Durga is a prominent goddess within the vast Hindu pantheon, as one of the aspects of the great Mother Goddess or Mahadevi .
The very name “Durga” derives from the Sanskrit word “Durg“, meaning fortress or place difficult to invade. Another interpretation of her name is “the one who eliminates sufferings“. Thus, already from her name, the symbolism of the goddess as protector, invincible force and eliminator of anguish is evident.
In this article we will explore in depth the meaning and teachings behind the symbolism and mythology of Durga, the warrior goddess.
Brief History and Origin of Durga
The best known account of Durga, and the one that consolidated her position and importance, comes from Puranic literature, specifically from the Devi Mahatmya or Chandi’s Path of the Markandeya Purana. This text, dated between the 4th and 6th centuries AD, presents Durga as the main force of the universe, created from the combined energy of all the gods.
When the buffalo demon Mahishasura terrorized the heavens and defeated the gods, it became clear that none of the male deities could defeat him because of a blessing he received whereby he could not be killed by any man or god. In this dire situation, the energies of the gods – Vishnu, Shiva and others – merged, giving rise to a blinding light from which emerged Durga, a goddess with ten arms, each holding a weapon gifted by the various gods. Mounted on a lion, she fought a fierce battle against Mahishasura, killing him and restoring peace.
Navadurga: The 9 Aspects of Goddess Durga
The nine forms of Goddess Durga, collectively known as Navadurga, are worshipped during the nine nights of the Hindu festival Navaratri, which we will discuss later. Each form represents a different facet of the Goddess and has its own significance. We will give a brief description of each of these aspects:
- Shailaputri (Daughter of the Mountain) – She is the first form of Durga and is worshipped on the first day of Navaratri. She is considered the embodiment of the collective power of Brahma, Vishnu and Shiva. Shailaputri is depicted riding a bull and holding a trishula (trident) and a lotus flower in her hands.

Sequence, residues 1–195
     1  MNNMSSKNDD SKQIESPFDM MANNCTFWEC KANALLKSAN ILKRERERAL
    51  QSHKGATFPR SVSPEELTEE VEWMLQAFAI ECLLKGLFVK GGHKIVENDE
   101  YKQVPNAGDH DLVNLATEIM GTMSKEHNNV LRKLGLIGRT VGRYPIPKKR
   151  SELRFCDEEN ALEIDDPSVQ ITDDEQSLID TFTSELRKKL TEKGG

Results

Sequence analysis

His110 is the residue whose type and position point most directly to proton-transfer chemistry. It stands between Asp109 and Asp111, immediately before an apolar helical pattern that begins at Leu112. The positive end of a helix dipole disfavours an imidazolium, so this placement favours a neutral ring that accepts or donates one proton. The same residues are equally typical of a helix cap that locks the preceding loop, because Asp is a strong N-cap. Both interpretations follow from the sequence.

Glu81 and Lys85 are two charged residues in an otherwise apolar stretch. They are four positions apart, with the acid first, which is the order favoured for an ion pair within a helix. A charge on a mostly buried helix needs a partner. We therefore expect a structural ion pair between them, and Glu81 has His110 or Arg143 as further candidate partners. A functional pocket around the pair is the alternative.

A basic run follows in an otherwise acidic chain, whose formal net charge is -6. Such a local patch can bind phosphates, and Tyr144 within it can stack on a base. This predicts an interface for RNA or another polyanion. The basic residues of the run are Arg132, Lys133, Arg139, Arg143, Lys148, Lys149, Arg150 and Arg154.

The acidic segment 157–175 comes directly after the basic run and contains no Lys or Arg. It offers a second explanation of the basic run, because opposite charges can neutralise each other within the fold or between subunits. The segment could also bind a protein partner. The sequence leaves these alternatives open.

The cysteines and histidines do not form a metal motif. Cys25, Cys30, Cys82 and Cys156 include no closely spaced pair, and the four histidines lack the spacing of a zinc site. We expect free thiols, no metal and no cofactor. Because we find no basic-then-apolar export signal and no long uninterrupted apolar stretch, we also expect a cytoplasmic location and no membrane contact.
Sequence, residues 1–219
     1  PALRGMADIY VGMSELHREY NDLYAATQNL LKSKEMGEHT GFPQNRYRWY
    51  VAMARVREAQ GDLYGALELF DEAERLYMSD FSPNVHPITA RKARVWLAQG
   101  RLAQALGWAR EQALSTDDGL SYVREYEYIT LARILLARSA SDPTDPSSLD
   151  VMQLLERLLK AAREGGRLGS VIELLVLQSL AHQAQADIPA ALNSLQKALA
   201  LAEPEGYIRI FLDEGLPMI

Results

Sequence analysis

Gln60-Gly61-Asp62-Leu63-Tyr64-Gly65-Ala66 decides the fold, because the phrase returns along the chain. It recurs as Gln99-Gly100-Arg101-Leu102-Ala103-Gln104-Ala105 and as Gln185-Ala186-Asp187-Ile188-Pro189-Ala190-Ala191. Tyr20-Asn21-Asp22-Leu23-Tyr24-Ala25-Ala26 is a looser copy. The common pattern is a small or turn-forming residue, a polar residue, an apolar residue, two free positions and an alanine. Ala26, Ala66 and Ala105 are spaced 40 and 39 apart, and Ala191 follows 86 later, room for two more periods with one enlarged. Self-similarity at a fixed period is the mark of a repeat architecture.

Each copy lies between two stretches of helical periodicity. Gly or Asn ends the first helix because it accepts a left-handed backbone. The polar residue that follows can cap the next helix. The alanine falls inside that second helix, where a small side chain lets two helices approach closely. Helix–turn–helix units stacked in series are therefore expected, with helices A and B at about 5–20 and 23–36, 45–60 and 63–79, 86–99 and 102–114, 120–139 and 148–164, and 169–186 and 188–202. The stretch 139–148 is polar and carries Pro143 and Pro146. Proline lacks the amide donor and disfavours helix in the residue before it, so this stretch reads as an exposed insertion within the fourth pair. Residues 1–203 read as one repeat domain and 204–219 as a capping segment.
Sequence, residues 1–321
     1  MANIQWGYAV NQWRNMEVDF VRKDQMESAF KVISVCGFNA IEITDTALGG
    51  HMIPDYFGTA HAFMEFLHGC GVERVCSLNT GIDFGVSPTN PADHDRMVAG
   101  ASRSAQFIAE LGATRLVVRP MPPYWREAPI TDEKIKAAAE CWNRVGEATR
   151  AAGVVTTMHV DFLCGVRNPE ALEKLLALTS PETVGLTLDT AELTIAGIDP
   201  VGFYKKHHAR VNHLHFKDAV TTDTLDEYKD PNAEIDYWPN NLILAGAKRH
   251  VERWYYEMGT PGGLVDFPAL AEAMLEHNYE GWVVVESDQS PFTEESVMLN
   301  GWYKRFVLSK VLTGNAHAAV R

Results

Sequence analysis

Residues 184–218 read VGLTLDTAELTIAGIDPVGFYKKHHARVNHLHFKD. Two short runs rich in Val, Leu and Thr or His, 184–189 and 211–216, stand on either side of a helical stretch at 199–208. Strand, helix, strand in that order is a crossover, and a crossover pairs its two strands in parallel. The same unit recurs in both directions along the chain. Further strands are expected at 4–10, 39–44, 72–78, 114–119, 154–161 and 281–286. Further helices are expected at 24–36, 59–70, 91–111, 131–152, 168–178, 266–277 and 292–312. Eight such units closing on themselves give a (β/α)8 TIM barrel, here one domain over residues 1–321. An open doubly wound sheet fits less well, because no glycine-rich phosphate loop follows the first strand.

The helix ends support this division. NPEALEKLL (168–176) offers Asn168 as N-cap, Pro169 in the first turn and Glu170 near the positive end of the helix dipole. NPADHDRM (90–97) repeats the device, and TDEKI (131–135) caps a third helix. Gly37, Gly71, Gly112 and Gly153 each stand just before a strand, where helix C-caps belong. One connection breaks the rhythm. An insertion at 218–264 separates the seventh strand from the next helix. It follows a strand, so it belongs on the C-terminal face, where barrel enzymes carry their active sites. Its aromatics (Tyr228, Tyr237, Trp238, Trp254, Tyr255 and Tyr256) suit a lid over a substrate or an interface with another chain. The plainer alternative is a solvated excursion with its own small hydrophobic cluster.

- Brahmacharini – Venerated on the second day, she represents the ascetic form of Durga, symbol of purity and austerity. She carries a rosary and a pot in her hands.
- Chandraghanta – Worshipped on the third day, she symbolizes peace and tranquility. However, she is also prepared for war against demons. She has a bell-shaped mark (ghanta) on her forehead and ten hands holding different weapons.
- Kushmanda – The fourth form of Durga, worshipped on the fourth day. He is believed to have created the universe with his divine smile. She has eight hands holding weapons and a rosary, and rides a lion.
- Skandamata – The fifth manifestation, worshipped on the fifth day. She is the mother of Lord Skanda (or Kartikeya). She carries the baby Skanda on her lap and has four hands.
- Kalaratri – The seventh form, worshipped on the seventh day. As the darkest form of the goddess Durga, she represents the fiercest form that destroys evil. She has a dark complexion, disheveled hair and a fearless posture. Her mount or vahana is a donkey.
- Mahagauri – The eighth aspect, worshipped on the eighth day. She symbolizes intelligence, peace and prosperity. She is usually depicted with a trident, a drum and a lotus.
- Siddhidatri – Ninth form of Durga, worshipped on the ninth day. She is known to bestow all kinds of siddhis or supernatural powers. She is seated on a lotus and rides on a lion, holding a mace, disc, lotus and book.
Symbology of Goddess Durga
Objects and Weapons in the Hands
One of the most striking features of Durga is the number of arms, which usually varies between 8 and 18, depending on the representation, the most common being 8 or 10.
Each weapon or item in the hands of the goddess Durga is not only a tool in the cosmic battle against evil, but embodies a deeper philosophical or spiritual principle. These symbols combined represent the complex nature of life: the need for action and reflection, strength and compassion, knowledge and humility.
To the casual observer, the image of Durga might be that of a fierce warrior, a destroyer of evil. Upon closer reflection, however, the arsenal of weapons and items she carries invites deep understanding. They call to harness inner strength, to discern truth from illusion, to act righteously, to be untouched by worldly impurities, to understand the cyclical nature of time, and to always strive for spiritual growth and connection.
Let us briefly describe some of the elements that usually appear in the iconography of the goddess. It should be noted that not all of these objects always appear in Durga images.
The trident is one of the most prominent elements of the goddess. Symbolically, the trishula represents the trinity of creation, preservation and destruction, which corresponds to the three deities Brahma, Vishnu and Shiva. It is a reminder of the cyclical nature of life. The trident also signifies the balance of the three gunas (qualities) – Sattva (goodness), Rajas (passion) and Tamas (darkness) that are inherent in all beings.